In your cache of kitchen gadgets do you have a scale for weighing food? Are your measuring cups and spoons ever-handy for dishing out those suggested serving sizes on the nutrition label? For example, the one that says two tablespoons of salad dressing equals 1 serving?
We know that the amount of food we eat has a direct effect on our health and weight. Obesity has become a critical health issue for Americans. It’s hard not to over-eat these days, though, as huge portions are busting the last notch on our collective belts and we confuse volume with value.
The one thing nutritionists, foodies, and diet gurus seem to agree on is that no matter what we eat, no matter which regimen we’re following, it’s how much that can make the difference between losing those 10 pounds or gaining them. Even here, however, things can be confusing.
”There is a difference between a serving size and a portion,” said Randi Beranbaum, dietician at Tufts University. ”A portion is the amount you put on your plate. A serving is a measured amount for reporting nutrients.”
This matters, she and other professionals say, because typically, we put more on our plate than we need.
Serving sizes are not created equal. Federal agencies, professional associations, and food establishments have somewhat differing guidelines. The Nutrition Facts Label on your breakfast cereal, for example, was developed by the US Food and Drug Administration to help consumers balance important nutrients in a daily, 2,000-calorie diet. The FDA label is based on ”reference amounts,” the volume of food consumed at one sitting as determined by FDA food surveys. Weights and volumes are expressed in standard household measures like tablespoons, cups, and slices, and the labels are designed to let consumers compare information about similar food products.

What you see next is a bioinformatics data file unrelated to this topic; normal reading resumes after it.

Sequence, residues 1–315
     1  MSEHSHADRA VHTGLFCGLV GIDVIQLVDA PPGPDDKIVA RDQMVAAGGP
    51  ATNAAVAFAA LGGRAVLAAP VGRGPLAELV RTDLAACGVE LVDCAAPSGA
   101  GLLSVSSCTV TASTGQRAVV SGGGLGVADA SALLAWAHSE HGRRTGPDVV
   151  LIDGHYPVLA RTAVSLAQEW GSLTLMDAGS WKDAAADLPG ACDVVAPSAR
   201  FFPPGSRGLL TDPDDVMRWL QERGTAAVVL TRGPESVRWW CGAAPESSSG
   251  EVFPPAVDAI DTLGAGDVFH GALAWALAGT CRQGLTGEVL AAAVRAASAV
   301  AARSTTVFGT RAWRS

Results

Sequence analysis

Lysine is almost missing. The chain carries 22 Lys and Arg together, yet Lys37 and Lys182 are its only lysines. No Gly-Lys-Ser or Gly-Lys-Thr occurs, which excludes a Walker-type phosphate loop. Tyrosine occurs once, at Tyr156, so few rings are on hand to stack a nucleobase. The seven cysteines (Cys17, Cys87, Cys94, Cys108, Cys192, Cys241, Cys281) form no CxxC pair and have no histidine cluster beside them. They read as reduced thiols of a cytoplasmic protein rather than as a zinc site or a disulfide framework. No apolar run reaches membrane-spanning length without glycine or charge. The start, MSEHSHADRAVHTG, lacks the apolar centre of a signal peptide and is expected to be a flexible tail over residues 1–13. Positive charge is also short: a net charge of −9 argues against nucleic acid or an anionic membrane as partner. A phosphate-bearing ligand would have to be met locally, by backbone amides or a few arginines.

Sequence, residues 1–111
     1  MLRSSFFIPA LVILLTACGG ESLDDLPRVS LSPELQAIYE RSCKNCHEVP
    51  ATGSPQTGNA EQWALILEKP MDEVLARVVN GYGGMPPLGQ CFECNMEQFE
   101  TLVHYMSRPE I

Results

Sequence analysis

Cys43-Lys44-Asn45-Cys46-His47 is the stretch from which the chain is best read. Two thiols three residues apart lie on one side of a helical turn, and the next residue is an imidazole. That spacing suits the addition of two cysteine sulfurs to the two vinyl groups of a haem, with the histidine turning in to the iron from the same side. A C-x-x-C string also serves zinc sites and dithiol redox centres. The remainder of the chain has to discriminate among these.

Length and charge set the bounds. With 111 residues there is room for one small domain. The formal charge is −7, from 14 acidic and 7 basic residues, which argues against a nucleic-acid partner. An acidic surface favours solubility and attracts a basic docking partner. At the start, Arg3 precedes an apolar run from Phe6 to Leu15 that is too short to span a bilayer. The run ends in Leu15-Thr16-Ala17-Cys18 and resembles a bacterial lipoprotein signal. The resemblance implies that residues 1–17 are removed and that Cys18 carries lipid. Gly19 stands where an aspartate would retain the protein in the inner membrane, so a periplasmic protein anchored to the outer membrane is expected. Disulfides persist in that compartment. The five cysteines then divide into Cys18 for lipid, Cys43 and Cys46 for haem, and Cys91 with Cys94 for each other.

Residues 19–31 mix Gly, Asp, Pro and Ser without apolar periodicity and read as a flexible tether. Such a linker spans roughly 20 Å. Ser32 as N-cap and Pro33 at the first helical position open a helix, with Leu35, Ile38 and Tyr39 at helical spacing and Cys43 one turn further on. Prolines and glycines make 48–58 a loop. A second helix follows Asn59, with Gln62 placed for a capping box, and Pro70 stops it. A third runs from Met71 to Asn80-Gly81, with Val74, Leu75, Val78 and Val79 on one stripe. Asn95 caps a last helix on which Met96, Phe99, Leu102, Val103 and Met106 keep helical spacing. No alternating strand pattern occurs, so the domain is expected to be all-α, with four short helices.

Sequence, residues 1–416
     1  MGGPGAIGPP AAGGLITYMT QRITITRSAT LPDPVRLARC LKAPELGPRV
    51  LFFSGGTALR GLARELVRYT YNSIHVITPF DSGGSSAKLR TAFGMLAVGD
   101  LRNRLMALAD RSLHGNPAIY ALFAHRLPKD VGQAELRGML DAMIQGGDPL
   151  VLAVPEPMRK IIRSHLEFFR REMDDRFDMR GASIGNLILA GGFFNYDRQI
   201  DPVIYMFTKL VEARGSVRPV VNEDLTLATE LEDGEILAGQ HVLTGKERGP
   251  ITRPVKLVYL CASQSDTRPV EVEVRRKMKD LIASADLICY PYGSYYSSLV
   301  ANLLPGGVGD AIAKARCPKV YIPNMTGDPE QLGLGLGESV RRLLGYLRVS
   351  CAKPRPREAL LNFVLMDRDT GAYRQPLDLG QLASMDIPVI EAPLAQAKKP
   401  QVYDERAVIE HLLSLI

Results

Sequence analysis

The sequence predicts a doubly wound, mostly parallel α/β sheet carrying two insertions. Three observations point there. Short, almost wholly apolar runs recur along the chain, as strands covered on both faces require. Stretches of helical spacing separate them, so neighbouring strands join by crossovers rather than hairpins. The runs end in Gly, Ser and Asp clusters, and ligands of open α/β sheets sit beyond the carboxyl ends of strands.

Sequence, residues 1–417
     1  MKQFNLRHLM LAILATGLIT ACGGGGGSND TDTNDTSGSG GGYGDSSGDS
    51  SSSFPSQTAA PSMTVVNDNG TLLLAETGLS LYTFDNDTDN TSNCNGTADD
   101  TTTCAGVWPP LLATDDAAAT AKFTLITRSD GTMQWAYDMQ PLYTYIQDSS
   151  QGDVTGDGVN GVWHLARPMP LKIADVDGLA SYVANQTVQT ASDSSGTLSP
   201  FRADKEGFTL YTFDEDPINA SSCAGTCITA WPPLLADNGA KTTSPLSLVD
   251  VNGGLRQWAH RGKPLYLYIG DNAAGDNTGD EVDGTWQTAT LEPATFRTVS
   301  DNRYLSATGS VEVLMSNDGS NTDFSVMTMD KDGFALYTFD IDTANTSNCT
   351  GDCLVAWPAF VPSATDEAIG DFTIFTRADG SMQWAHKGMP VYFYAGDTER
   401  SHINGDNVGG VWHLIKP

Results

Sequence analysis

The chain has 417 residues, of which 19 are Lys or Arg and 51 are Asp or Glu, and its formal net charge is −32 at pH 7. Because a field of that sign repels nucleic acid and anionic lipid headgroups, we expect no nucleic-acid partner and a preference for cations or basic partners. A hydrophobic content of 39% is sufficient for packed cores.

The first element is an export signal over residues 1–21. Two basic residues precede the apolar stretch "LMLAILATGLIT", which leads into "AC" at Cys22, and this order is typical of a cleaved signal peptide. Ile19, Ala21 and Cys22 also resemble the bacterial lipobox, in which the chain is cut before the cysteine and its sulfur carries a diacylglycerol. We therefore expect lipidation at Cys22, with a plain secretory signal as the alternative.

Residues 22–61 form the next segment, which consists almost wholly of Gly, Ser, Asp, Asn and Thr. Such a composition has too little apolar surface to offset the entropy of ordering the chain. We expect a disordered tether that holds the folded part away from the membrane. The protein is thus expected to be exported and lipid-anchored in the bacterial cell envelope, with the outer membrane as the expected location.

Within these guidelines, manufacturers still have considerable latitude in deciding what a serving is. The regulations say that ”if a unit weighs more than 50 percent, but less than 200 percent, of the reference amount, the serving size can be one unit.” (Read all the regulations at www.fda.gov. Go to Reference Room, click on Code of Federal Regulations, then type ”nutrition labeling” in Full Text Search.)
For example, look at the label on a can of Coca Cola. The reference amount for carbonated beverages is 8 ounces, according to the regulations, but the can says 12 ounces is one serving. Now, look at the 20-ounce Coca Cola bottle and the label will say it contains 2.5 servings: One serving is now only 8 ounces.
The United States Department of Agriculture goes about this differently. Its Dietary Guidelines for Americans, last revised in 2000, are depicted graphically in the Food Guide Pyramid. The guidelines put ”nutrient standards into food groups based on advice for a healthful diet.” The controversial food pyramid is slated for updating in 2005. John Webster, of the USDA’s Center for Nutrition Policy and Promotion, said, ”The Food Guide Pyramid was designed as a teaching tool, because people usually do not weigh their food and think of foods as items.” In re-assessing the Food Guide Pyramid, Webster said ”it has become evident that consumers don’t know what a serving consists of.”
Meanwhile, restaurants and bakeries get to determine their own serving sizes. We have all been to steak houses where individual, 12- to 16-ounce steaks are on the menu, or to restaurants where plates of piled-high pasta are offered as one serving. Doggie bags are part of the plan, but many people manage to down the entire platter. Depending on who is counting, the customer could have consumed three to six servings of meat or as much as 10 servings of pasta in one sitting in these establishments.